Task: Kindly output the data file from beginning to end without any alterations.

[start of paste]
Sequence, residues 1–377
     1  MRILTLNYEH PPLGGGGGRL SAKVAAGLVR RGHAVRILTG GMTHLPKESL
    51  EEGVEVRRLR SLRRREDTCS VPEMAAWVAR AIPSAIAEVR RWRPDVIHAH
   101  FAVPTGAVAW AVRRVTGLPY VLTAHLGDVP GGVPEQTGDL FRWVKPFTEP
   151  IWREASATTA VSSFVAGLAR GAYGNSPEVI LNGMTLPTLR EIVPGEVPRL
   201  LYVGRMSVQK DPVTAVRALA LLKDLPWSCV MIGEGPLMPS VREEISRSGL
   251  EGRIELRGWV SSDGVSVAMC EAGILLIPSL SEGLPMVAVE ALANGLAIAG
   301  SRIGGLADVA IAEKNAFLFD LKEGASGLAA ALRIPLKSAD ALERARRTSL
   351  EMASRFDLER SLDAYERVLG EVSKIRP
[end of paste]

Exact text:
Sequence, residues 1–377
     1  MRILTLNYEH PPLGGGGGRL SAKVAAGLVR RGHAVRILTG GMTHLPKESL
    51  EEGVEVRRLR SLRRREDTCS VPEMAAWVAR AIPSAIAEVR RWRPDVIHAH
   101  FAVPTGAVAW AVRRVTGLPY VLTAHLGDVP GGVPEQTGDL FRWVKPFTEP
   151  IWREASATTA VSSFVAGLAR GAYGNSPEVI LNGMTLPTLR EIVPGEVPRL
   201  LYVGRMSVQK DPVTAVRALA LLKDLPWSCV MIGEGPLMPS VREEISRSGL
   251  EGRIELRGWV SSDGVSVAMC EAGILLIPSL SEGLPMVAVE ALANGLAIAG
   301  SRIGGLADVA IAEKNAFLFD LKEGASGLAA ALRIPLKSAD ALERARRTSL
   351  EMASRFDLER SLDAYERVLG EVSKIRP